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INDEPENDENCE — Though the county has given the Grayson County school system its backing to put out bids for a turning lane that would complete the Grayson Highlands School in the western end of the county, the timetable may be too late to meet the Aug. 9 opening date.
Grayson Director of Personnel Chad Newman reiterated Monday night that the building is substantially complete. Work is being done to replace the guttering damage that occurred this winter and the sewer system is finishing up.
Newman provided good news on the turning lanes and noted that, in communications with the county, the school system has been given support to put this final piece of the project out to bid.
The school system is having the plans revised to reflect the work that has been completed to date and, once those plans are complete, bids will be received. Newman said he expects to know within the next few weeks where the project stands financially.
The county board of supervisors had originally limited the school system to $15.3 million for Phase I of its long-term facilities improvement plan, but later reinstated the original amount of $16.3 million.
School personnel have estimated the cost of the project — which includes additions and renovations at Fries Middle School — at roughly $17.3 million.
Though the board has not officially approved the spending, they have begun seeking funding up to $18.3 million — which would include $1 million the county spent to make interest-only payments on the original loan.
“We appreciate the county supporting us on that,” School Board Member Gary Burris said Monday night.
Vice Chairman Shannon Holdaway then asked about the timeline for putting the project out to bid, accepting those bids and building the turning lanes.
Newman said the county has only expressed support to bid the project — not to accept a bid.
Holdaway pointed out that, without approval from the supervisors, the school board could not accept a bid.
The bidding process typically takes two or three weeks and Newman said the estimate is three to four weeks of construction time, assuming good weather.
At this point, the county is looking at a total of eight to 10 weeks from requesting bids until the project is complete, Holdaway said. To be finished in time for the school to open Aug. 9, the project would have to start in early June.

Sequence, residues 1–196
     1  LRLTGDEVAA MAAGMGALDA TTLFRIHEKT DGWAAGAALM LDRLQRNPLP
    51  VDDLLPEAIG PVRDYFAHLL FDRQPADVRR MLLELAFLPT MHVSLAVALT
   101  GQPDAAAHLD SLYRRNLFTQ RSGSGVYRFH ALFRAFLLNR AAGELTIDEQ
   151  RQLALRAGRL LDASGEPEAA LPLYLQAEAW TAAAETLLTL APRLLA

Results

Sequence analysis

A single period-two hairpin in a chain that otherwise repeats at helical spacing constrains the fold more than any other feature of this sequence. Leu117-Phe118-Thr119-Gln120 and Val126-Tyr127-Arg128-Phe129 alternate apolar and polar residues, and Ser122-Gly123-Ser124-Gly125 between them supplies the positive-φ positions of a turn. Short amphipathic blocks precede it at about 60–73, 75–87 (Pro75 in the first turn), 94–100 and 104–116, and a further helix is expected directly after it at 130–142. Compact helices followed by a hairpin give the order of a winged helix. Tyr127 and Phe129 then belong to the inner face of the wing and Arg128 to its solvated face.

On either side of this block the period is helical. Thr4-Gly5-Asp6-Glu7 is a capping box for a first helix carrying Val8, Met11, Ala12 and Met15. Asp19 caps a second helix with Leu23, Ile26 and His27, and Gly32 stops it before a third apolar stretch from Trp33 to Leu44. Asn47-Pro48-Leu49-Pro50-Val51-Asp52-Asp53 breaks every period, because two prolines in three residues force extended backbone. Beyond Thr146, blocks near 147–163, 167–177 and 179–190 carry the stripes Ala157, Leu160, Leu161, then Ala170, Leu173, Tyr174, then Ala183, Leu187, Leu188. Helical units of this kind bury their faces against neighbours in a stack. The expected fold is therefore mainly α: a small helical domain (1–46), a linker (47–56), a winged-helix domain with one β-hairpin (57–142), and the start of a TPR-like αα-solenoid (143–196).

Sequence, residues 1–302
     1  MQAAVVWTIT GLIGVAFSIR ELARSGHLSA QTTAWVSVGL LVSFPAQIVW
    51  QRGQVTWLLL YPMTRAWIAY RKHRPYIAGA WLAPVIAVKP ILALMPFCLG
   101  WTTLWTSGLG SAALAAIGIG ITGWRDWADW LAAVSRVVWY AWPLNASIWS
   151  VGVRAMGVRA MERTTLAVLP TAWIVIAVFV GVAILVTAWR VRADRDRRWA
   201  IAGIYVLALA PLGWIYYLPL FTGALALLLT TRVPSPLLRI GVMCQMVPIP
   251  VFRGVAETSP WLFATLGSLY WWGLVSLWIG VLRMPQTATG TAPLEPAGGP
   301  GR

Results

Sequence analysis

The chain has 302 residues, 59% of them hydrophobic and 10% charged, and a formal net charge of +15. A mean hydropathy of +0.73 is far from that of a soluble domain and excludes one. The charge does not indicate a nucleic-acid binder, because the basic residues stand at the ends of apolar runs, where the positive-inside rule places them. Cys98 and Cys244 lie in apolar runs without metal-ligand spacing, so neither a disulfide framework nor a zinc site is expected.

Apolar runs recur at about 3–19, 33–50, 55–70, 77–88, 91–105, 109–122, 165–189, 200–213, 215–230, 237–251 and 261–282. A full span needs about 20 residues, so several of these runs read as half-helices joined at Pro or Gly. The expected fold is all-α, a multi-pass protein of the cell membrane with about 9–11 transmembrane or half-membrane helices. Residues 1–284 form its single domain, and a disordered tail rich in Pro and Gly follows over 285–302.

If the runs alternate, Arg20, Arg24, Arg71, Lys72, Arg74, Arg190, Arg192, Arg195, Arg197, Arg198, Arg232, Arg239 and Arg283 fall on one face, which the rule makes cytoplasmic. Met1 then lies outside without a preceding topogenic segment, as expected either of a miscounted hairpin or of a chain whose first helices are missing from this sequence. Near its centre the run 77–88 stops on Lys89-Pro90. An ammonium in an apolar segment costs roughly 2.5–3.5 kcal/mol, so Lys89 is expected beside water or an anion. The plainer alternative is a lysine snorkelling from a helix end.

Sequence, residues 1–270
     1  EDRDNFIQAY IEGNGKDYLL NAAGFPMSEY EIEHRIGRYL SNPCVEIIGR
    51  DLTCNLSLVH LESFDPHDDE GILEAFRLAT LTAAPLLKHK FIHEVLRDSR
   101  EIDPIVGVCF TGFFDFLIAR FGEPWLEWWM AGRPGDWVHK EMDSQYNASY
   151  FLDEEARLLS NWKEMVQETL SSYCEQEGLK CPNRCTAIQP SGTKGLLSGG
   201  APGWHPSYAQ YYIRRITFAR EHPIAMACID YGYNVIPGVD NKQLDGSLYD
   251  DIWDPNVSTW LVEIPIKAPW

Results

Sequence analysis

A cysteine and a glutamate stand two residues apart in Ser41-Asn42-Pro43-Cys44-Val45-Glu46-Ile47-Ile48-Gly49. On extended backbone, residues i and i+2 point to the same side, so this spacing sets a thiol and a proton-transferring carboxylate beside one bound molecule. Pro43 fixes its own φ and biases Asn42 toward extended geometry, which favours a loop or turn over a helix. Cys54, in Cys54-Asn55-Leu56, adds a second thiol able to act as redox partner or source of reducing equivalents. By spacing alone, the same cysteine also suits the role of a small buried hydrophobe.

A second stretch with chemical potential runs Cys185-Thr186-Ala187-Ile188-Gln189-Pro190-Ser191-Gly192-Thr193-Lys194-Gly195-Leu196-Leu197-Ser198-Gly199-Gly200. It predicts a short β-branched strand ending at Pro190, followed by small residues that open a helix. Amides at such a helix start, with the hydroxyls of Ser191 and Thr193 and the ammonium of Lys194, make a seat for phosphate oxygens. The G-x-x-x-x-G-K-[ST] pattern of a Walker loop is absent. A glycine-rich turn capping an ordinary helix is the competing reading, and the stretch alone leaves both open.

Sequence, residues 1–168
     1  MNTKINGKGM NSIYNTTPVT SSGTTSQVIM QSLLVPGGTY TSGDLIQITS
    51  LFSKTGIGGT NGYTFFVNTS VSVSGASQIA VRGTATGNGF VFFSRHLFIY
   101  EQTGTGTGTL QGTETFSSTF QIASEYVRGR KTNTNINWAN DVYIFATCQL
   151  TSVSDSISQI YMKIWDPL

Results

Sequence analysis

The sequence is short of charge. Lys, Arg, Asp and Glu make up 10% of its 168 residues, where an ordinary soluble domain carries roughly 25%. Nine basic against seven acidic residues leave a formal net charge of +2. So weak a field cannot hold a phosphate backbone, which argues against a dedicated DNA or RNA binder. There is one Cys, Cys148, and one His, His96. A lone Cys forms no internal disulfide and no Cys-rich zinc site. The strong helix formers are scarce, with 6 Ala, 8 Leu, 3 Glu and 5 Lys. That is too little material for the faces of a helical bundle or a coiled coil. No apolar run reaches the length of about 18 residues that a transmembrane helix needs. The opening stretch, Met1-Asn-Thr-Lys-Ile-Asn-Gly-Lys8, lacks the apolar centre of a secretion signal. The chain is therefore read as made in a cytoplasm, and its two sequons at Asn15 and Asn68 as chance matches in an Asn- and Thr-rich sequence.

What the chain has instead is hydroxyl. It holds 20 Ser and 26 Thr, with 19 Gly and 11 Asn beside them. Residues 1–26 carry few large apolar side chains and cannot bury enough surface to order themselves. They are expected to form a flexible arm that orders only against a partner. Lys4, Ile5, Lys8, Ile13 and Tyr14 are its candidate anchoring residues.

If the supervisors did not address the issue at their meeting yesterday, Thursday, it would be June before they could approve the funding, and therefore too late to complete the project before Aug. 9.
“It’s going to be close,” Newman said.
“They meet the second week of June… it’s not even close,” Holdaway responded. “If they don’t approve the money [Thursday] we’re going to be backed into a corner and have money approved post our ability to complete the project.”
Holdaway felt that, even if supervisors discussed the issue, there was little hope of them voting to pay for the project. “If I understood the last meeting, they don’t have the money.”
The county is operating on what is believed to be a negative cash balance. With a projected real estate tax increase from 34 to 49 cents on the levy, the county is hoping it will be more attractive to banks when seeking a $4 million line of credit and negotiating new terms on the funding of Phase I — up to a possible amount of $18.3 million.
The news was mixed on the Fries construction project, as well.
School Maintenance Supervisor Roy Anders provided his monthly update on the project and said work is progressing smoothly.
When asked about the timeline for completion at FMS, Anders said the contractors are shooting for the end of August.
Newman added that the school system is working with Blue Ridge Construction to handle some work in-house on the Fries project and continues to negotiate what the school system can do to benefit the county financially.
When asked if the Aug. 9 deadline was going to be met, Newman said it remains unclear. He expects to have a better idea by the June school board meeting.
“Worst-case scenario right now, we might be looking at a move over Labor Day,” Newman said. “If the weather holds out, it’s only going to benefit us and help us catch up.
Board Member Wynn Combs asked if the plan still includes new furnishings and all things originally proposed when funding was sought.
“With taking on some of the work in-house, it is going to give us the ability to provide everything that was in the original plan,” Newman said. “That’s our goal… to keep everything intact.”
Holdaway expressed that the school board should participate in any discussions that may come up to change any of the original plans.
“That would be our goal, to include everyone involved,” Newman said.
For now, it appears the school system will once again sit and wait to see if the schools will open in time for the new school year.
Grayson Highlands was originally projected to open at the beginning of the current school year, and later set to open this past January.
An unusually cold winter and near-record snowfall hampered the progress greatly there and in Fries. The original deadlines came and went.
The school system had budgeted for the closing of Mount Rogers Combined School and Bridle Creek Elementary — which did not happen — in the current budget and is budgeting for the additional closure of Providence Elementary next year.
If Grayson Highlands and Fries schools do not open on time this fall, the county would lose additional money by operating facilities and are significantly less efficient to run on a day-to-day basis than the new school.
More information on the projects is expected at the June 14 meeting of the school board.